|Died||November 16, 1836|
Near Paris, Ontario
|Known for||Deputy Surveyor General for the Nassau District (Home District) of Upper Canada, 1789 - 1799|
|Spouse(s)||Sarah Tekarihogen (Methodist ceremony)|
Tuhbenahneequay (Ojibwa ceremony)
Augustus Jones (c. 1757 – November 16, 1836) was an American-born Upper Canadian farmer, land speculator, magistrate, militia captain and surveyor. Jones trained as a surveyor in New York City, and fled as a United Empire Loyalist to Upper Canada. In Upper Canada, he worked as a crown surveyor in the Nassau District, where he quickly rose to the position of Deputy Surveyor General, the highest position in a district of Upper Canada. He occupied that position from 1789 informally, and 1791 formally, until his retirement in 1799. During that time he laid down many of the township boundaries in the Niagara Peninsula and on the north shore of Lake Ontario. He led various teams that cut many of the first sideroads and concession roads into these areas, facilitating their settlement by European and American immigrants. Jones also surveyed the routes for Dundas Street and Yonge Street, and supervised their construction. After his retirement, Jones farmed first in Saltfleet Township, later moving to Brantford and finally an estate outside Paris named Cold Springs, where he died in 1836.
Augustus Jones was born around 1757 likely in Dutchess County in the Hudson River Valley of the Province of New York, the son of Ebenezer Jones, a Welsh immigrant. He trained as a land surveyor in New York City in his youth. After his training, he worked for some time in New York, and his name appears in paperwork for land transfers in Newburgh, New York in 1783 and 1784. Sometime in the 1780s, Jones fled the United States with his family as loyalists during the American Revolution. Jones was sent ahead of the rest of his family, and obtained 300 acres (1.2 km2) of land in Saltfleet Township. Soon after this Jones' father Ebenezer, his brother Stephen and Stephen's family, and his sisters, Mary Jones Gage, widow of James Gage and Susannah Gage, wife of William Gage followed. The fields around his sister's farmhouses would later be the scene of the Battle of Stoney Creek.
Jones met Major Archibald Campbell, the commanding officer of Fort Niagara on June 9, 1787. He presented the Major with a letter of recommendation from Cadwallader Colden Junior, which attested to Jones' good character and surveying capability. Two days later, Jones was hired as a land surveyor for the Crown. Jones' first assignments were working as a chain bearer for various teams surveying the Niagara region.
After a short while, Jones was given command of his own surveying team. His first assignment was the surveying of Stamford Township, a task they began on November 5, 1787 and completed on January 8, 1788. That January, Jones was appointed to the position of assistant to Philip Frey, the deputy surveyor of the Nassau District. Starting on January 15, 1788 and running until March 12, 1788, Jones surveyed Barton Township. From April 1, 1788–April 24, 1788 Jones surveyed Clinton Township. From May 1, 1788 until July 28, 1788 Jones led the survey of Bertie Township. Jones' team had started surveying Saltfleet Township on July 24, 1788 and they finished August 24, 1788.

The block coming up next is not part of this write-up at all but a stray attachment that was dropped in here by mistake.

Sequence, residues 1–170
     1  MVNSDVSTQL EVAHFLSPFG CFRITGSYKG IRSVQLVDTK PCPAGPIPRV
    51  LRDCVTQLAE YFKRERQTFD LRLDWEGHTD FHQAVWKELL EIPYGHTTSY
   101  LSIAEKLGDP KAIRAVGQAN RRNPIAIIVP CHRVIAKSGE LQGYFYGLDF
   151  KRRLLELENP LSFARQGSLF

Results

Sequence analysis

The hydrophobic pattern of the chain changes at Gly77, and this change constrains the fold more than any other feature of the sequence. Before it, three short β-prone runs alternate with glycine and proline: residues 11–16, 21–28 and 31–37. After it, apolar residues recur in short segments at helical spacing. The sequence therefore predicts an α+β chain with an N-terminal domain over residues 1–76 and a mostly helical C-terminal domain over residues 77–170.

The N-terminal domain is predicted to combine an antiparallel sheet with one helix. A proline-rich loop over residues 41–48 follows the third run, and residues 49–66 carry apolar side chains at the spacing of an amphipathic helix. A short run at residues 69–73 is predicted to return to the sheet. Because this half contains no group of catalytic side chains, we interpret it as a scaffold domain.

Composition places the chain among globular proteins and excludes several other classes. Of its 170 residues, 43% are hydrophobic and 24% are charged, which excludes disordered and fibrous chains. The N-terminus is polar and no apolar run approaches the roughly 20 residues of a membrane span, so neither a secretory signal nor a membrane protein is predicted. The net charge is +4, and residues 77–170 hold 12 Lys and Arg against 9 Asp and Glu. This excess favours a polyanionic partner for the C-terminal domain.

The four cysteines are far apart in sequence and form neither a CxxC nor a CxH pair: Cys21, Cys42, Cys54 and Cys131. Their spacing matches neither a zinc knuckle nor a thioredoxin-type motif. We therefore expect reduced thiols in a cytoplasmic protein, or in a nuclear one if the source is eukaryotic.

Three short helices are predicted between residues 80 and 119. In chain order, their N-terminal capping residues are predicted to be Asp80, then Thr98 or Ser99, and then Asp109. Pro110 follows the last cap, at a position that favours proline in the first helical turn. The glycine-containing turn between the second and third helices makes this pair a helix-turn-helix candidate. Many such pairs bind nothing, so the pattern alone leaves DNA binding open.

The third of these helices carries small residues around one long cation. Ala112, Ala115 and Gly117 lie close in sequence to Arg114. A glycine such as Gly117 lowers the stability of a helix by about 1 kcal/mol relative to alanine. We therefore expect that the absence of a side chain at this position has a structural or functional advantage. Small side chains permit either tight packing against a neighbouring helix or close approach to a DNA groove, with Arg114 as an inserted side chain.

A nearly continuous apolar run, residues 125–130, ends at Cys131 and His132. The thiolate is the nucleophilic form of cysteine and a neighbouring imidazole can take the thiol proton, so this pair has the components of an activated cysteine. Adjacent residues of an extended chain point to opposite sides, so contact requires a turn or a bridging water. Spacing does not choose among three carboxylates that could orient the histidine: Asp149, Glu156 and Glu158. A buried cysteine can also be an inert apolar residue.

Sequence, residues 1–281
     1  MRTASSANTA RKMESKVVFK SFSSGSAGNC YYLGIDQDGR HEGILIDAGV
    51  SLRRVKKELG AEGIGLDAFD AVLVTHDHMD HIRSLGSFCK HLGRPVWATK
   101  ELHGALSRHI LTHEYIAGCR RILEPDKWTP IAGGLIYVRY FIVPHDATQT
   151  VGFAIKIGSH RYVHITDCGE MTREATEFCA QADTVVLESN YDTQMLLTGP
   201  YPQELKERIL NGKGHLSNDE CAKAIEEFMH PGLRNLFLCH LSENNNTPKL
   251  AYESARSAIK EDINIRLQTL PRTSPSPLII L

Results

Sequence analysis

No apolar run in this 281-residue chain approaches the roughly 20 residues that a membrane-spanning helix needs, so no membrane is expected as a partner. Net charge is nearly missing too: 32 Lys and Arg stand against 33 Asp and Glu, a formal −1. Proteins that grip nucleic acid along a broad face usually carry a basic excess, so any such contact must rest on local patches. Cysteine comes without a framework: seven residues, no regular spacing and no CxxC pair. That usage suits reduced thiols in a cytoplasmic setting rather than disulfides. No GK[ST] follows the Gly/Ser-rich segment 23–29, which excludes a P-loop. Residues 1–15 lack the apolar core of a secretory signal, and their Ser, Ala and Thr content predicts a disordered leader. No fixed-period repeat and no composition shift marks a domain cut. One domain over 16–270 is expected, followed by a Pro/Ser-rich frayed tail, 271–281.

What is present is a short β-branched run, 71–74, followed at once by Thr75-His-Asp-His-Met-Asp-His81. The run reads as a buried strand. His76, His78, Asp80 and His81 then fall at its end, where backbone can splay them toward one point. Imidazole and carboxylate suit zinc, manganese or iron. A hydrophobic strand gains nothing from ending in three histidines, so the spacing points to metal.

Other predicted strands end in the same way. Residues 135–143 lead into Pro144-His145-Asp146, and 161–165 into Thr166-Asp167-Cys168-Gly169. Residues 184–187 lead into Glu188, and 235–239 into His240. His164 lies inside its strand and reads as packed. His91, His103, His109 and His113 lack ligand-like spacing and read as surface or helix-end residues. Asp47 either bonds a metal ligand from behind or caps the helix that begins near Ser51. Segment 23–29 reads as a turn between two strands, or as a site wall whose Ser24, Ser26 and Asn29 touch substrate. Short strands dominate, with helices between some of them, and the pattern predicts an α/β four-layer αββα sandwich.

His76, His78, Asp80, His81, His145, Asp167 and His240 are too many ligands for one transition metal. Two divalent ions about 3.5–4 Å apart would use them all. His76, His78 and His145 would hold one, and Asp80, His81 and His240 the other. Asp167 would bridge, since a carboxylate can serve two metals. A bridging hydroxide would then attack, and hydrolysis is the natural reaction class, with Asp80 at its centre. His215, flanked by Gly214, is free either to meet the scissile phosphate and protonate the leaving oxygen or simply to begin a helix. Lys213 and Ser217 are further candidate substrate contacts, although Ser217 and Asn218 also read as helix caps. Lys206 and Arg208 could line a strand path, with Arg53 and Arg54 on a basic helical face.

Surveying of Thorold Township began the same day, August 24, 1788 and continued until October 25, 1788. In Thorold, Jones was receiving a pay of four shillings a day, and his two primary assistants, Joseph Jones and Benjamin Stanton, received the same. All worked the full 54 days of the survey. Local men were hired as woodcutters and chainbearers for shorter periods, and typically earnt two shillings a day.
On October 25, 1788 Jones' team began their survey of Grimsby Township; it was completed November 13, 1788. Saltfleet Township was surveyed from November 14, 1788 to December 25, 1788 and Binbrook Township was surveyed from December 24, 1788 until February 12, 1789. All of these townships were surveyed using the Front and Rear system, except Binbrook, which was surveyed with the Single Front system. During this time, Frey had assigned two other surveyors to lead surveys in the Nassau district. Daniel Hazen and Jesse Pawling both led teams, but neither group was as busy as Jones' group. Hazen's group surveyed only four townships, and incompletely, and Pawling's three, also incompletely. In November 1789 Jones began acting as the deputy surveyor in Nassau District as Frey had left Upper Canada, and he officially received the position in early 1791 on the order of Deputy Surveyor General John Collins.
Deputy surveyor for Nassau District